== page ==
Legislation intended to promote domestic firms that actually would cause more harm than good for U.S. businesses did not advance before the New Jersey legislature recessed for the summer. Momentum on the bills – Senate Bill 1811 (Sweeney-D) and Assembly Bill 3059 (Egan-D) – waned as legislators learned that the proposals could unintentionally isolate New Jersey from U.S.-based businesses that are also competing in the global marketplace, resulting in increased costs for taxpayers in the state.
The IT Alliance for Public Sector (ITAPS) was among the most proactive voices engaging with policymakers to raise concerns about the overly broad scope of the bills which would have had negative consequences for New Jersey taxpayers and U.S. businesses. Those concerns were serious given the legislation would require all parts and components to be sourced domestically, creating greater complexity for small businesses to navigate, and increased compliance costs for the state and its taxpayers.
In early June I wrote about how the information and communication technology (ICT) industry—a powerhouse of economic growth and job creation in our country—relies on international supply lines, sources of production, and consumers. Ignoring the global nature of today’s business environment isn’t just short-sighted, it unnecessarily limits access to the most innovative technologies. These products do more than create jobs here at home—they provide critical services that citizens rely upon. The prohibitive costs and additional red tape created by these bills would make ICT unavailable to state and local jurisdictions and further complicate and delay an already lengthy procurement process for the state of New Jersey, its political subdivisions, and universities.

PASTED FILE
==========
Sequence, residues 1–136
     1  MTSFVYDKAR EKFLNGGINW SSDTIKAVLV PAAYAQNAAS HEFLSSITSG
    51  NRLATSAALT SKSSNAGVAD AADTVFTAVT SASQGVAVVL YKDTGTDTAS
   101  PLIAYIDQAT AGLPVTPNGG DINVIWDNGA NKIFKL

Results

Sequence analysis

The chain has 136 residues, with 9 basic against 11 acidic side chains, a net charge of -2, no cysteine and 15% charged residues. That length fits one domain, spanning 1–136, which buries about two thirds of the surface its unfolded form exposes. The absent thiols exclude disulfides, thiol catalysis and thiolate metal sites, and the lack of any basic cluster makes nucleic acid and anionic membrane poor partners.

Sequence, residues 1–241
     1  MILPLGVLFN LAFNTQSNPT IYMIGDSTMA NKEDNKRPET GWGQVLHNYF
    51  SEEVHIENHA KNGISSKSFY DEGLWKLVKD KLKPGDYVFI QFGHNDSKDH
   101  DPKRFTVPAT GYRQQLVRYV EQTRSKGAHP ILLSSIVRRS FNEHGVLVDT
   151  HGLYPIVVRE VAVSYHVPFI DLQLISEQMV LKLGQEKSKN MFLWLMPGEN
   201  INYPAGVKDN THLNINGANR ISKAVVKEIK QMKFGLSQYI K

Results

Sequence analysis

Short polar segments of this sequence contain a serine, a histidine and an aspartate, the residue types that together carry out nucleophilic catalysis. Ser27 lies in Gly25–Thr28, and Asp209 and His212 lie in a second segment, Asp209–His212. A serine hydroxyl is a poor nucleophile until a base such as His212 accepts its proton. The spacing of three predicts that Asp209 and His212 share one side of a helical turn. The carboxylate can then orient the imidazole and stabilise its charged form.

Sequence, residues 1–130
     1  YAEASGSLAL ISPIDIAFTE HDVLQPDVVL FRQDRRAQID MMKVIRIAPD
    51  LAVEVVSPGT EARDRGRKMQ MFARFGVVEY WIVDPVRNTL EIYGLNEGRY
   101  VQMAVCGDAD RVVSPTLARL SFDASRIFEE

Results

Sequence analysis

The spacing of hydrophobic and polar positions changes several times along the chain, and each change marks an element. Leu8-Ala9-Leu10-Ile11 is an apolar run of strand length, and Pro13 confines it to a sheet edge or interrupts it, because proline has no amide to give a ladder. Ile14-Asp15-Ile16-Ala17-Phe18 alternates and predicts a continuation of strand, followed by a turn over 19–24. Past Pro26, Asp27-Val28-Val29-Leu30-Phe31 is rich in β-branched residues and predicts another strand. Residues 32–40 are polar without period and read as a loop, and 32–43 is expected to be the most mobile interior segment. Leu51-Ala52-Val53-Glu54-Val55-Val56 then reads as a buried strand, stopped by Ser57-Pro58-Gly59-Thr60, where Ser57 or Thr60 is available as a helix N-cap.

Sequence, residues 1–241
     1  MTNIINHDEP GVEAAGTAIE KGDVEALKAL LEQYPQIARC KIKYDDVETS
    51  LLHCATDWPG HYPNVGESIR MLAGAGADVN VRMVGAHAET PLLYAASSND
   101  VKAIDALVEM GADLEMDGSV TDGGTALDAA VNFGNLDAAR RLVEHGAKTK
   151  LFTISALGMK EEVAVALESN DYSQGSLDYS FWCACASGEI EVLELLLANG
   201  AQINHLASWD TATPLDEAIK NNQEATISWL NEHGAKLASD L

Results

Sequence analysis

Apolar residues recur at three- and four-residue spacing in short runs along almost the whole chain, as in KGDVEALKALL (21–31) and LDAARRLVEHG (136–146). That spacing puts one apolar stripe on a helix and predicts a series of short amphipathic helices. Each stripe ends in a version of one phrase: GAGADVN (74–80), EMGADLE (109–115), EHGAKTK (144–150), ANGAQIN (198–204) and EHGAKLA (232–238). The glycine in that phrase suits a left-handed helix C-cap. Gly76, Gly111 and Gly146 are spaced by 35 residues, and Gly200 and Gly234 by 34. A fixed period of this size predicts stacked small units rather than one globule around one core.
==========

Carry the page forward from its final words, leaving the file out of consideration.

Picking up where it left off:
ITAPS will monitor the bills, should they advance during the fall legislative session, and will continue its advocacy efforts so state and local jurisdictions can maximize resources, save taxpayer dollars, and deliver the most effective constituent services to their citizens.